more character interaction ideas

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Mike Roberts

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Mar 20, 1993, 9:44:44 PM3/20/93
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Another possibility for adventure game character interaction is to use
directed dialog, like some graphical adventure games do. Rather than
providing a small set of character interaction "primitives" (ASK ABOUT,
TELL ABOUT, SHOW TO, GIVE TO, KILL WITH), the game offers a separate
"talk to" mode for conversations. The only command is TALK TO, which
puts you in talk-to-mode, which is essentially a menu system: you
select what you want to say from a list of options. Here's how it
might look in a text adventure game.

You're in a one-room schoolhouse. The schoolmarm is here.

>talk to schoolmarm
1 - "I'd like to enroll in your class."
2 - "What do you know about the bank robbery?"
3 - "Where's the principal's office?"
say>1

"I'd like to enroll in your class."
The schoolmarm looks at you skeptically. "You're a little
old, aren't you?"

1 - "You're only as old as you feel!"
2 - "I was forced to run away and join the circus at age 5.
I never learned to read."
3 - "Just kidding. I'm really here because I heard you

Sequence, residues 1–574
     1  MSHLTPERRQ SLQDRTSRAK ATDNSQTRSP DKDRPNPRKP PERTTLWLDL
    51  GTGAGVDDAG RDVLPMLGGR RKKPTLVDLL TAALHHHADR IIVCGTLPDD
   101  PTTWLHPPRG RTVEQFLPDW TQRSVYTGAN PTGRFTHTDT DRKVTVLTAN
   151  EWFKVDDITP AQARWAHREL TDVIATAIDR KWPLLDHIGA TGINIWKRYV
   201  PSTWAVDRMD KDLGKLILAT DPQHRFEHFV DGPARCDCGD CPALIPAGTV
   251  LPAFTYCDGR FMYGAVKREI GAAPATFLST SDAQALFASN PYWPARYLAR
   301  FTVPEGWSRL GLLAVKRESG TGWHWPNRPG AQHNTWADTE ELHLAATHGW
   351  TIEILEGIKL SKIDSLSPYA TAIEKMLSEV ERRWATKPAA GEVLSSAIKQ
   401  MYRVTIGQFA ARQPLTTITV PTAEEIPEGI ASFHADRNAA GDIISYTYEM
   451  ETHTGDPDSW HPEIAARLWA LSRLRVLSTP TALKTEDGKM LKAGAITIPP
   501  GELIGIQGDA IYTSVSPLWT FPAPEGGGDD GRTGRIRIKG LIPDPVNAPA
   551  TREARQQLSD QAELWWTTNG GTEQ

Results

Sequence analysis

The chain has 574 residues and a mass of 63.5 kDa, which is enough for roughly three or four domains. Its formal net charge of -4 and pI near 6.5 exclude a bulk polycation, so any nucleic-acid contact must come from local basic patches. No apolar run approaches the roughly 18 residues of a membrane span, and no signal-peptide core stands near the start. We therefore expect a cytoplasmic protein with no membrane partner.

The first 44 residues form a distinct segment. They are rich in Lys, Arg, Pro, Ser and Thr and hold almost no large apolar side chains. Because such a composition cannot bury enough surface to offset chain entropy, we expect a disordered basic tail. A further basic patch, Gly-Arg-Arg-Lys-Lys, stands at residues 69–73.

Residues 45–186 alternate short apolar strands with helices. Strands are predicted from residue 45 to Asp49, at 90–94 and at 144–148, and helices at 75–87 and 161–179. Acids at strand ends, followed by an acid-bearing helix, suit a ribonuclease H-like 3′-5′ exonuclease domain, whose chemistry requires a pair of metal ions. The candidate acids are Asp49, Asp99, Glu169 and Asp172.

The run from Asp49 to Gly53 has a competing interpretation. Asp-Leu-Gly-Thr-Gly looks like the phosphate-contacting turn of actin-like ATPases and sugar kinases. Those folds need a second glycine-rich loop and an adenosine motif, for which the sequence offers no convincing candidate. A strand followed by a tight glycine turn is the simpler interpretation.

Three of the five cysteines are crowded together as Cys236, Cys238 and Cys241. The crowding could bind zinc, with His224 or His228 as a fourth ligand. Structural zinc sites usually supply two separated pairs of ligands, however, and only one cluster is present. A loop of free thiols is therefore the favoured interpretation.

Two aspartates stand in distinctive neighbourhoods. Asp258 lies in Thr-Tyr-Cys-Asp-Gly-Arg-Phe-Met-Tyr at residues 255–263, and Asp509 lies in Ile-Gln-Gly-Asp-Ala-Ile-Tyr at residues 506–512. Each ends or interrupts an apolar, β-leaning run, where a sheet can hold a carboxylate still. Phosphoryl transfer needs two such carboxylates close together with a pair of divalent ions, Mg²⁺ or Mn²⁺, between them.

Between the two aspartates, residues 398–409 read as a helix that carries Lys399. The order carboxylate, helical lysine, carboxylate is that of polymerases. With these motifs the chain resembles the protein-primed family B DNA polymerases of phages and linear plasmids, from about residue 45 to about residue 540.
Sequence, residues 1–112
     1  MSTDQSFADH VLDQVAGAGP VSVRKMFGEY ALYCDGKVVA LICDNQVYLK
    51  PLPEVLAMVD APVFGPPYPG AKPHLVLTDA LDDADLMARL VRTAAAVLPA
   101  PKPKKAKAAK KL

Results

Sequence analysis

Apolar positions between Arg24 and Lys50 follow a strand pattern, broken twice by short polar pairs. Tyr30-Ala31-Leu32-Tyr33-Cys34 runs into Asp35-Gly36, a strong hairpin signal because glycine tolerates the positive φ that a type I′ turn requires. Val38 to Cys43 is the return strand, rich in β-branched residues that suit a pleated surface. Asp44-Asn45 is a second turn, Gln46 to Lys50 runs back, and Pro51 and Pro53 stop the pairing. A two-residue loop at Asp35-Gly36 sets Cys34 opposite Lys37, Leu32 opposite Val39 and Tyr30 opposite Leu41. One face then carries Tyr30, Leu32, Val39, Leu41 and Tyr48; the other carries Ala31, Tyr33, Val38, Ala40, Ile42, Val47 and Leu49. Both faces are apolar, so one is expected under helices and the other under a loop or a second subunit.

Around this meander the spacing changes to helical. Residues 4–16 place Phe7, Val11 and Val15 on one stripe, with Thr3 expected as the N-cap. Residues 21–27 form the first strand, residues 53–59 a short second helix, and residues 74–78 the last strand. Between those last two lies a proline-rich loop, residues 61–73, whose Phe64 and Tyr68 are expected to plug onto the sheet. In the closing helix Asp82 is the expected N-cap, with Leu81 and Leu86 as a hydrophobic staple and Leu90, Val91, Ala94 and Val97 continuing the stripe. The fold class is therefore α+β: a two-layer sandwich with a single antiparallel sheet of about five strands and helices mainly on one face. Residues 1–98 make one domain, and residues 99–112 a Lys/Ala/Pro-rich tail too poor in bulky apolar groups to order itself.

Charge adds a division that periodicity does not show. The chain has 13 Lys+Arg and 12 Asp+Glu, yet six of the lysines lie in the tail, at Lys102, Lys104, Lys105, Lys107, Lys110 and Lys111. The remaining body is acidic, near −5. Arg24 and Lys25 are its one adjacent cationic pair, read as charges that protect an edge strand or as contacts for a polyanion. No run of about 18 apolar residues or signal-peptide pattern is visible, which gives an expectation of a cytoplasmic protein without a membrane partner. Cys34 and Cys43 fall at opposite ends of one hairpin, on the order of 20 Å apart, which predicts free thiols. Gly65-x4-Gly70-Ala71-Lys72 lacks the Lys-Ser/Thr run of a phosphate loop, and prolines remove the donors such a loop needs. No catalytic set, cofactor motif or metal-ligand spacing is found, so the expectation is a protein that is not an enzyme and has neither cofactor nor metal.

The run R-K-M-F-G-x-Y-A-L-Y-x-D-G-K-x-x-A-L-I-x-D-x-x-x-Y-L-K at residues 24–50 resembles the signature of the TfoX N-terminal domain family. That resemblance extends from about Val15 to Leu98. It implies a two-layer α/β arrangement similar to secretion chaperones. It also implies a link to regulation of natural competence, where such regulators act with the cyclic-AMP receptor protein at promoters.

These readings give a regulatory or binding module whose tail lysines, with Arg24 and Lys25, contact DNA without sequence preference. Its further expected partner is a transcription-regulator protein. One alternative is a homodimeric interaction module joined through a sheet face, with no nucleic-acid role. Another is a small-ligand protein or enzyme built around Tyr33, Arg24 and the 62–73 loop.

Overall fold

were at the bank when it was robbed."
say>


This looks a little weird in a text adventure context, although I
suspect that's just because it's unfamiliar, and not because it's bad.
The disadvantage of this style of dialog is that it constrains the
player to the set of statements that you've pre-scripted. One might
even complain that it destroys the illusion of real interaction.

However, isn't it true that the player is constrained to what you've
pre-scripted anyway? If you haven't programmed a response for ASK
SCHOOLMARM ABOUT BANK, she's going to say "I don't know much about that".
If you type "schoolmarm, weren't you at the bank the other day", the
parser is going to just look at you blankly and display [TADS-2013:
invalid sentence structure] -- and that's if it's a courteous parser
that tells you what it didn't like rather than pretending it had some
clue what you meant.

Furthermore, there's no reason these menu trees have to be static.
They can easily have a memory of past conversations -- and, more
importantly, past actions.

I personally think that this style of dialog can enhance, not destroy,
the illusion of real interaction. It allows the player to use the full
range of real human interactions - players can:

- ask a question without revealing how much they already know
- pretend to know more than they already do
- lie
- threaten a character
- insult a character
- flatter a character
- ask specific questions
- make specific offers
- make specific requests
- convey specific information
- make jokes

Granted, you only get the subset of interactions that have been pre-scripted,